edited November -1
    Same reason a .44 Magnum isn't even a .43.
    Same reason the 218 Bee, 219 Zipper, 220 Swift, 221 Fireball, 222 Remington, 223 Remington, 224 Weatherby and 225 Winchester all use .224 diameter bullets.
  • He DogHe Dog Member Posts: 49,292 ✭✭✭✭
    edited November -1
    Gauge comes from the British tradition, the .410 is a US shell, and called by a US caliber.
  • BrookwoodBrookwood Member, Moderator Posts: 10,741 ******
    edited November -1
    I would just like to know why the shells for a puny little .410 cost more than the much bigger 20 & 12 gauge shells???[:0]
  • TRAP55TRAP55 Member Posts: 8,278 ✭✭✭
    edited November -1
    1,250 grns at 1500fps! I've shot a SxS 8 Gauge with shot loads...once![B)]
  • Sam06Sam06 Member Posts: 21,060 ✭✭✭✭
    edited November -1
    I believe .410 bore is the proper nomenclature.
    RLTW

  • carbine100carbine100 Member Posts: 3,163 ✭✭
    edited November -1
    quote:Originally posted by Riomouse911
    That shotshell board looks like a Scattergun Pachinko machine..[:o)] I like it!

    And isn't it ".410 Bore?" ...as in .410" bore diameter?


    That's what I always refer to it as.
  • pip5255pip5255 Member Posts: 1,614 ✭✭✭
    edited November -1
    I have always just called them a 410 period...............
    just because you could doesn't mean you should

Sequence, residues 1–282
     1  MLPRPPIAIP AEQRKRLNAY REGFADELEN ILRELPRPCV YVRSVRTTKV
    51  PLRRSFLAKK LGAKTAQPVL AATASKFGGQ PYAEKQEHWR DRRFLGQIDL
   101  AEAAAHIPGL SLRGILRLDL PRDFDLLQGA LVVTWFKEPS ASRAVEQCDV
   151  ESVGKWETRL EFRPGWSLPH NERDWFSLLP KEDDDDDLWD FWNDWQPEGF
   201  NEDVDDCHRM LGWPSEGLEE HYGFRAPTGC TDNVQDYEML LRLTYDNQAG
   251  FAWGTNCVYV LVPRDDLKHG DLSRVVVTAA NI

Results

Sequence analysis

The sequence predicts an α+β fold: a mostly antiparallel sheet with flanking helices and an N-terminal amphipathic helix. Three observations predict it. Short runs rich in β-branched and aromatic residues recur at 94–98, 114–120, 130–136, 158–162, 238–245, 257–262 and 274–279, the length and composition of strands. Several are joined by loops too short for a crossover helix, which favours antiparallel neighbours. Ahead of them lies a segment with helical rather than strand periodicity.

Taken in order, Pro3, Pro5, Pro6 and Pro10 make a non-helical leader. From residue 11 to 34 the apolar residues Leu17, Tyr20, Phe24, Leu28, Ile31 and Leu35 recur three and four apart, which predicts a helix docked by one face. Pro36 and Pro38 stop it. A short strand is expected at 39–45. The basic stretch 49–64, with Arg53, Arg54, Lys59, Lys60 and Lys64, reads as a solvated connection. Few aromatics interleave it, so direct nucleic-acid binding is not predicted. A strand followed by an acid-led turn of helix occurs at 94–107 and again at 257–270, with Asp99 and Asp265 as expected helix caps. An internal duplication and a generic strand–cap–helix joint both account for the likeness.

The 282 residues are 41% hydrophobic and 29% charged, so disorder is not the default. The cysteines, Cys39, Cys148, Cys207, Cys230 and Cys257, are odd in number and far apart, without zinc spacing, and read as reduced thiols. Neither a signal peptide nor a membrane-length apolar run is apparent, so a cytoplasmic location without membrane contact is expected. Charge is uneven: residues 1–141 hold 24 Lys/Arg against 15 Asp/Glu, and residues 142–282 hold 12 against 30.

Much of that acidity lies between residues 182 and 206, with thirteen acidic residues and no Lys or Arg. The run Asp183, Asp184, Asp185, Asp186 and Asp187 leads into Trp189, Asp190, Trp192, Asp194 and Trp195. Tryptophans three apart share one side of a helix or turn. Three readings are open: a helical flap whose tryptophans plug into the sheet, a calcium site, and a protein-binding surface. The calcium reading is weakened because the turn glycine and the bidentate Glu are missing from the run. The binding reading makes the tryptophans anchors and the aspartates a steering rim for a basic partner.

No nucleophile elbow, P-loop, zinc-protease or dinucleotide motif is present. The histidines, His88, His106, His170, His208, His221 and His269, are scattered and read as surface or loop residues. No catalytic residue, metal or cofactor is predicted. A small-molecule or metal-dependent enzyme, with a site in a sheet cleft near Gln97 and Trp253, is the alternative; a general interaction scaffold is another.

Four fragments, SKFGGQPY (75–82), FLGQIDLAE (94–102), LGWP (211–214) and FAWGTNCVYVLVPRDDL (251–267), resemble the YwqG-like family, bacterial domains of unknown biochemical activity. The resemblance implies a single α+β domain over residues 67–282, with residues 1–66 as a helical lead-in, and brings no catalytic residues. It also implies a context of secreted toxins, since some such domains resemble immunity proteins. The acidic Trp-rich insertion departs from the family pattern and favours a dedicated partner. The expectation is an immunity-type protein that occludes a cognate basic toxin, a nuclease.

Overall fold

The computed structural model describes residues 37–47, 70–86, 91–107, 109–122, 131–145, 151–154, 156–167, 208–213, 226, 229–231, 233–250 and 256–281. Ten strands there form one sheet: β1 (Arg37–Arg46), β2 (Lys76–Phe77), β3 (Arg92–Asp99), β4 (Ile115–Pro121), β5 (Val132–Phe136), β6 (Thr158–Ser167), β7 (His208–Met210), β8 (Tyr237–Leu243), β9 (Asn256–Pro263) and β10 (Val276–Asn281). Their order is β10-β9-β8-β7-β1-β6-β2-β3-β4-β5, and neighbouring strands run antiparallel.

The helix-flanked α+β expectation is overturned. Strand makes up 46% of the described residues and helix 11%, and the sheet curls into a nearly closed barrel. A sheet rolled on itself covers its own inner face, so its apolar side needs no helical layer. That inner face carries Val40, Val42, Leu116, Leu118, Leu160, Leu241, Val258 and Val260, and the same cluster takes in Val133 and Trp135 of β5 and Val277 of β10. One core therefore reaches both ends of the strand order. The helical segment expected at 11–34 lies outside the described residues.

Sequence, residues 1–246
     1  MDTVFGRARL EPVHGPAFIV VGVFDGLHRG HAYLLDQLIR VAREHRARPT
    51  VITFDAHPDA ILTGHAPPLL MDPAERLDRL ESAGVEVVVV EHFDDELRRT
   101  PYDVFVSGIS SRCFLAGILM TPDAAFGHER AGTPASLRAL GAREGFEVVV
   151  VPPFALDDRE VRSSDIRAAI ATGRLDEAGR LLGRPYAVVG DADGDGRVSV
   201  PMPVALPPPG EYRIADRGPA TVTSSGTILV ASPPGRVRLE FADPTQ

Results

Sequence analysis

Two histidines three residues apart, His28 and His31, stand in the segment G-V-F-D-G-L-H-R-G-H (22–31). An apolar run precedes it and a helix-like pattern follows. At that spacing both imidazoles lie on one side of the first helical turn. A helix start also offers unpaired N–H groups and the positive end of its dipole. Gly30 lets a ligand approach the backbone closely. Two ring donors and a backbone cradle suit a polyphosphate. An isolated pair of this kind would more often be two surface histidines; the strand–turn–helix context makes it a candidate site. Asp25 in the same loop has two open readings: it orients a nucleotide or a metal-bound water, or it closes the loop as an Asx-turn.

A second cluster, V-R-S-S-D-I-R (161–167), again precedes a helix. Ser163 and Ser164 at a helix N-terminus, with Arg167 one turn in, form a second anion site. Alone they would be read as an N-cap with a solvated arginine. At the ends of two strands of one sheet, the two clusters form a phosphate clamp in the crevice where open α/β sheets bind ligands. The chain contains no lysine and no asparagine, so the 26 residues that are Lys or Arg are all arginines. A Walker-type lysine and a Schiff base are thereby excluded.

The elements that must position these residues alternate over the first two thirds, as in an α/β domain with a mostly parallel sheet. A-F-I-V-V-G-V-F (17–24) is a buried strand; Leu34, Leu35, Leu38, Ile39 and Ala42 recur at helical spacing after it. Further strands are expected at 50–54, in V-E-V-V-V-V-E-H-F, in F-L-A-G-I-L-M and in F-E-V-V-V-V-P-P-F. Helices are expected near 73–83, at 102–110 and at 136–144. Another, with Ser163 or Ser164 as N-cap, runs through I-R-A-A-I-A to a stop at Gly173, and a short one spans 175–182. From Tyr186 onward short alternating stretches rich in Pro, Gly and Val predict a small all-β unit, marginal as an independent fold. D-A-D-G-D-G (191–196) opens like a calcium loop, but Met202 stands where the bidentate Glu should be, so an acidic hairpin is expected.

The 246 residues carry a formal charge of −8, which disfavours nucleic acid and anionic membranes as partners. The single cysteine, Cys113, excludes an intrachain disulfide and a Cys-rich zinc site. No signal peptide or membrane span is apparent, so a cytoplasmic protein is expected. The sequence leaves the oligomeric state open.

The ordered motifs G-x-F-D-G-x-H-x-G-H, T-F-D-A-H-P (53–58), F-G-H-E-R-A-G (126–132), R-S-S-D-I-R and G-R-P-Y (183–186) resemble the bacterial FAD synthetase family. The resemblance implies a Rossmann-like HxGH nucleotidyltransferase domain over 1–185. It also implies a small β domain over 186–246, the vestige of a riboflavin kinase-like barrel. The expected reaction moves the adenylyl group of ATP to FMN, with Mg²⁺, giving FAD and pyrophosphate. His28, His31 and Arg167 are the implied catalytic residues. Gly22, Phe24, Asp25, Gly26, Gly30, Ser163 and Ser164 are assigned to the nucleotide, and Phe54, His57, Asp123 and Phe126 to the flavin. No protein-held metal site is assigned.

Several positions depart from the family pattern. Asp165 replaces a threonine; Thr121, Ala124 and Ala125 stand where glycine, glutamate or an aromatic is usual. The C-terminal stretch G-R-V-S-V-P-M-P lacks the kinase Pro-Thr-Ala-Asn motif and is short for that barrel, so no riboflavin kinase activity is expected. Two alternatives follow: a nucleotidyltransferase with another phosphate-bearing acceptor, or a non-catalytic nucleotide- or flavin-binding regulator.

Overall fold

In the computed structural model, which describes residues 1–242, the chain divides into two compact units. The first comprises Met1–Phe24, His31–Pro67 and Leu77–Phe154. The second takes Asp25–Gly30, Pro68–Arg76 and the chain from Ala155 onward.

• mlincolnmlincoln Member Posts: 5,039 ✭✭✭
    edited November -1
    quote:Originally posted by mrmike08075
    .410 shotgun shell

    I always referred to it as .410 gauge

    But it's not a gauge - incorrect classification

    It's supposed to be .410 caliber cause it's a caliber

    Parse your words - nomenclature nonsense

    I stole from his topic from a magazine cause it irritates me

    The system of gauges and how they are classified and we're the number come from is quite interesting

    It's capacity of lead shot of a certain size and weight - based on a standard length of hull

    Every other shotshell is a gauge but the .410 is an / a caliber per the rules

    Why??? And if you used the original formula or approved classification method what gauge would the .410 caliber be???

    I suppose it's a meaningless technicality

    What say you - how about an old fashioned back and forth debate that results in name calling and members declaring they are leaving or folks getting a time out from the good Capt or locked out.

    A pot stirring thread maybe.

    Mike


    This is pretty much what we do best!!!!
  • BrookwoodBrookwood Member, Moderator Posts: 10,741 ******
    edited November -1
    quote:Originally posted by pip5255
    I have always just called them a 410 period...............


    [:D] That's what my ole lady used to call her time of the month![:0]